What makes a story a Shimmer story?

Shimmer looks for a unique voice in its fiction. Our issues can end up reading like pose poetry. Shimmer has a distinctive tone; we tend to like stories that have an edge of melancholy. Beth [Wodzinski, Editor-in-Chief] once described Shimmer fiction as the moment from the song "Hallelujah," where "it's a cold and it's a broken," and there is still a light shining down through the darkness.

Please tell us about a recent story (and author) you accepted—what made it stand out, what surprised or fulfilled you as a reader and editor, what made you say YES.

"List of Items in Leather Valise Found on Welby Crescent," by Rachael Acks. Flash fiction is a super hard sell with me. I typically find that such short stories exist solely to tell a joke or support a pun at the end of the work. Rarely are they "Shimmery." But this piece is unique in its structure and tells a surprisingly heartbreaking story, in all of about 450 words. This will be in Shimmer #19.

What story do you see way too often?

While we see a lot of zombies, vampires, and werewolves, what we see more of is fiction that doesn't respect women as equals. Women are often slotted into roles where they are subservient, or exist only as objects of sexual desire. At Shimmer, we prefer to see female characters on equal footing with their male counterparts; we like fiction that represents women as the people they actually are.

What story do you never see that you’d love for somebody to submit?

Fiction that does something we haven't seen before. Stories that take risks, whether it be with structure or POV. Stories that challenge the reader to think in a new way.

What one bit of advice would you give a new and emerging author—about craft, the process, submissions, the industry, etc.

Keep going. A rejection doesn't mean anything more than "no, this doesn't fit what we need right now." It doesn't mean you're hopeless or that you can't write. You absolutely have to find the right fit for the project you're submitting. This is why there are dozens upon dozens of editors out there. Keep going.

THE DARK

Jack Fisher, Editor
Genres: Fantasy, Science Fiction, and Horror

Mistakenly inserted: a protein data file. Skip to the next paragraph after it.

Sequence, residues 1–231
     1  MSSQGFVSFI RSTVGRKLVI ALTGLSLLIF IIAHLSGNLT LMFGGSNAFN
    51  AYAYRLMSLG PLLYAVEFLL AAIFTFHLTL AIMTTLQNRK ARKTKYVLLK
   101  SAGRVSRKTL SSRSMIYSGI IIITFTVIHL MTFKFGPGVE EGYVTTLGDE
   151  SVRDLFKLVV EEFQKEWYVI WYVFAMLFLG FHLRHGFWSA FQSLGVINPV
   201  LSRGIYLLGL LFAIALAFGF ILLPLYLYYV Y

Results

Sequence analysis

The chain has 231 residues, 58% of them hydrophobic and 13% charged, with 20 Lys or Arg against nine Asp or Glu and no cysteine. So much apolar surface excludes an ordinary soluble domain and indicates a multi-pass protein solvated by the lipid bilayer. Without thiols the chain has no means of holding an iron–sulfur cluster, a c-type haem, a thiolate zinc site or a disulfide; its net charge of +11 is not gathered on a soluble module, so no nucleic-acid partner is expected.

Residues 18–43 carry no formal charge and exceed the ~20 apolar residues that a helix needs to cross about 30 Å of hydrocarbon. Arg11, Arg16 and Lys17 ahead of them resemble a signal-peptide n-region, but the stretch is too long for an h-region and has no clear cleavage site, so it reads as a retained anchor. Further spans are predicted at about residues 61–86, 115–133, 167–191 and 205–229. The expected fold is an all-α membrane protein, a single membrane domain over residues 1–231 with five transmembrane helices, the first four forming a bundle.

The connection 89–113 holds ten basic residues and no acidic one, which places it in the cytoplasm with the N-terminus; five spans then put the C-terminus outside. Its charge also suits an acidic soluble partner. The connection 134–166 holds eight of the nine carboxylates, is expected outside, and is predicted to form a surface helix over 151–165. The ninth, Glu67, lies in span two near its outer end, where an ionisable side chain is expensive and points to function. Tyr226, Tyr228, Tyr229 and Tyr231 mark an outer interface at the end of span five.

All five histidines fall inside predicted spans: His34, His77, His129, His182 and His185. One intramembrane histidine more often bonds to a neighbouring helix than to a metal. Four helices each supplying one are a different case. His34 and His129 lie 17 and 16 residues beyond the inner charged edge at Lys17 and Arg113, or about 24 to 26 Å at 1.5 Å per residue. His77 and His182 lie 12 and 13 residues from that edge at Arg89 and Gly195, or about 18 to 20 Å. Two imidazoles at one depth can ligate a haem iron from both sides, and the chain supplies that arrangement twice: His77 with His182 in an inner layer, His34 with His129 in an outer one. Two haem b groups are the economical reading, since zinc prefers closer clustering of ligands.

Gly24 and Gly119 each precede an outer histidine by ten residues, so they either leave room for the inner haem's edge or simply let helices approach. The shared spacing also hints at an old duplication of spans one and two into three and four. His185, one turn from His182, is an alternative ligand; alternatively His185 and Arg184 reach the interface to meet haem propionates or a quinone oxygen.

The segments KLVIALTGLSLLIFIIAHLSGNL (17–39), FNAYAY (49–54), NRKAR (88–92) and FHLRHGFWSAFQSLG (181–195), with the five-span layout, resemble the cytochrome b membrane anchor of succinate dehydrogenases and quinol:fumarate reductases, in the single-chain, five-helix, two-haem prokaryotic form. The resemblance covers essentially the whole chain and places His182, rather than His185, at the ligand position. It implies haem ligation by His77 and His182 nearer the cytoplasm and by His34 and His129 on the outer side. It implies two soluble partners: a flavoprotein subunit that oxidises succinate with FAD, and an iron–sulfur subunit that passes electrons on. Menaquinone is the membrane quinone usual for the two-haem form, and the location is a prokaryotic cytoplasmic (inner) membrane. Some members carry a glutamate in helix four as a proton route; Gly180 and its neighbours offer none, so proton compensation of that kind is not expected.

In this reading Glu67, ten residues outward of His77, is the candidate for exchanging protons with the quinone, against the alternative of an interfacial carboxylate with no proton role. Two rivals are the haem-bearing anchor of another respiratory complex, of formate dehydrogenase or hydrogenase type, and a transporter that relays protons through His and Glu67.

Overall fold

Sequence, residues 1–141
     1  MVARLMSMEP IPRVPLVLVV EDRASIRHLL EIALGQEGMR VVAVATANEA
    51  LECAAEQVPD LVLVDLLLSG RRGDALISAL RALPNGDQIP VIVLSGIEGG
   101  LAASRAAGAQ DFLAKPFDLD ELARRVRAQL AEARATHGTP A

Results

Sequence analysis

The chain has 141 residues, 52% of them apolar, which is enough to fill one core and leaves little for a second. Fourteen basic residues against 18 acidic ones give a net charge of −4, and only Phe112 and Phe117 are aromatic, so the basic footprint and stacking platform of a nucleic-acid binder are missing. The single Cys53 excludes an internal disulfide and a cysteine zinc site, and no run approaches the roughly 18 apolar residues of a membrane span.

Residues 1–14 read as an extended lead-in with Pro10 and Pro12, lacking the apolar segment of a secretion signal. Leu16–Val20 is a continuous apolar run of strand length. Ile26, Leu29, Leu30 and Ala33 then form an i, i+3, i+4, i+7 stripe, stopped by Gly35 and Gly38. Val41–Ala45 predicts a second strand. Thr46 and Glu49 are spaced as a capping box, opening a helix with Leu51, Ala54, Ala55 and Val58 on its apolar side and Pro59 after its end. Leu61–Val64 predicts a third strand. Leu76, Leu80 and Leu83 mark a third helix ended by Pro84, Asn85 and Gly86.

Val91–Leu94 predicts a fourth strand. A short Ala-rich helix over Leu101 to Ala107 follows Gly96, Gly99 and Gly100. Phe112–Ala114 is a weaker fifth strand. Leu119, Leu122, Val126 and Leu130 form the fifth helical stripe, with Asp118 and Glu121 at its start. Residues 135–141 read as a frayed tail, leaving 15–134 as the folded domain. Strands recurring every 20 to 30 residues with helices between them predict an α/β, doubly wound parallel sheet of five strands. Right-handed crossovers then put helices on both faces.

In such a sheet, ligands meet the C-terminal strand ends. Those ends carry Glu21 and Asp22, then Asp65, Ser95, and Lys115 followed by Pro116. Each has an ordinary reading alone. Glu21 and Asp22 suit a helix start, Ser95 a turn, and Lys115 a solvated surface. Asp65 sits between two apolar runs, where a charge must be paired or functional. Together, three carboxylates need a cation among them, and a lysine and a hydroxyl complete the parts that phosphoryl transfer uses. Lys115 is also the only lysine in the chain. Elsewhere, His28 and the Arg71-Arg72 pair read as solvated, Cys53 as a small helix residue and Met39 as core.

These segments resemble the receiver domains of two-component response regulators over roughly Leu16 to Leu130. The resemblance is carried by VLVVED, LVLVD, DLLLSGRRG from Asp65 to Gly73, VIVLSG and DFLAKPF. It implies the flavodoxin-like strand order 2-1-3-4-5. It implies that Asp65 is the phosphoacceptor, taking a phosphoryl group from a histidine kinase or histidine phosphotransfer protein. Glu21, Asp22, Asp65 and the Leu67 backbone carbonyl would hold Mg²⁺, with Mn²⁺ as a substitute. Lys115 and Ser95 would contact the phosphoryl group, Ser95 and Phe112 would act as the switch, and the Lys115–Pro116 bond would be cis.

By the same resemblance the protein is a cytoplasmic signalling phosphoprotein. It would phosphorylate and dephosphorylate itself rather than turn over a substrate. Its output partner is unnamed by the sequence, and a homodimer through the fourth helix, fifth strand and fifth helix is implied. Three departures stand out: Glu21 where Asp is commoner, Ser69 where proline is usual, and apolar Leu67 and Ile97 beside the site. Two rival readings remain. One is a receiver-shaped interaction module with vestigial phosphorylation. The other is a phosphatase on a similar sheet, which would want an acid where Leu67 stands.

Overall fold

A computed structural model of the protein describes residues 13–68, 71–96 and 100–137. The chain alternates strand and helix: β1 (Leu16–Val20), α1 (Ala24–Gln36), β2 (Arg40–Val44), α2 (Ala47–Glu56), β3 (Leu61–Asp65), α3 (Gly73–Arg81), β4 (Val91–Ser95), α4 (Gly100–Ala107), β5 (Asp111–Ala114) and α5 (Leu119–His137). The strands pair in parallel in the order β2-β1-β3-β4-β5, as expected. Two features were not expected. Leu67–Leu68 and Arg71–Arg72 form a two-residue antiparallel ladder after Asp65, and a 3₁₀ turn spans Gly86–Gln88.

Acceptance Rate: <1%
Pay Rate: .05/word (up to 5,000 words)
Average Response Time: 1 day
Length: 1,000 – 5,000 words

What makes a story a Dark story?

A story strong in its voice with tones of the strange, fantastic or bizarre, or a mix of all three; subtle, literary horror/magic realism in a contemporary setting.

Please tell us about a recent story (and author) you accepted—what made it stand out, what surprised or fulfilled you as a reader and editor, what made you say YES.

From issue #1, “Another Mouth” by Lisa Hannett and from issue #2, Amanda E. Forrest’s story, “Five Boys Went to War” are prime examples of what we are. Immediately, both struck us as ominous and utterly strange.

What story do you see way too often?

Not necessarily one kind in particular, but I can tell you what I am not a fan of: zombie fiction.

What story do you never see that you’d love for somebody to submit?

Being always and forever a huge fan of the late Ray Bradbury’s work, I’d really love to see something written in that same poetic style, only much darker in plot. 

What one bit of advice would you give a new and emerging author—about craft, the process, submissions, the industry, etc.

If you are going to write, you should be well-read first. You must devour reading of every kind: fiction, nonfiction, poetry, etc. (it will help establish style and voice), and, of course, an interesting idea for a story. Then, get used to rejection—it will harden you. Keep writing, take advice, fine-tune, resubmit.

About the author

Richard Thomas is the award-winning author of seven books: three novels—Disintegration and Breaker (Penguin Random House Alibi), as well as Transubstantiate (Otherworld Publications); three short story collections—Staring into the Abyss (Kraken Press), Herniated Roots (Snubnose Press), and Tribulations (Cemetery Dance); and one novella in The Soul Standard (Dzanc Books). With over 140 stories published, his credits include The Best Horror of the Year (Volume Eleven), Cemetery Dance (twice), Behold!: Oddities, Curiosities and Undefinable Wonders (Bram Stoker winner), PANK, storySouth, Gargoyle, Weird Fiction Review, Midwestern Gothic, Gutted: Beautiful Horror Stories, Qualia Nous, Chiral Mad (numbers 2-4), and Shivers VI (with Stephen King and Peter Straub). He has won contests at ChiZine and One Buck Horror, has received five Pushcart Prize nominations, and has been long-listed for Best Horror of the Year six times. He was also the editor of four anthologies: The New Black and Exigencies (Dark House Press), The Lineup: 20 Provocative Women Writers (Black Lawrence Press) and Burnt Tongues (Medallion Press) with Chuck Palahniuk. He has been nominated for the Bram Stoker, Shirley Jackson, and Thriller awards. In his spare time he is a columnist at Lit Reactor and Editor-in-Chief at Gamut Magazine. His agent is Paula Munier at Talcott Notch. For more information visit www.whatdoesnotkillme.com.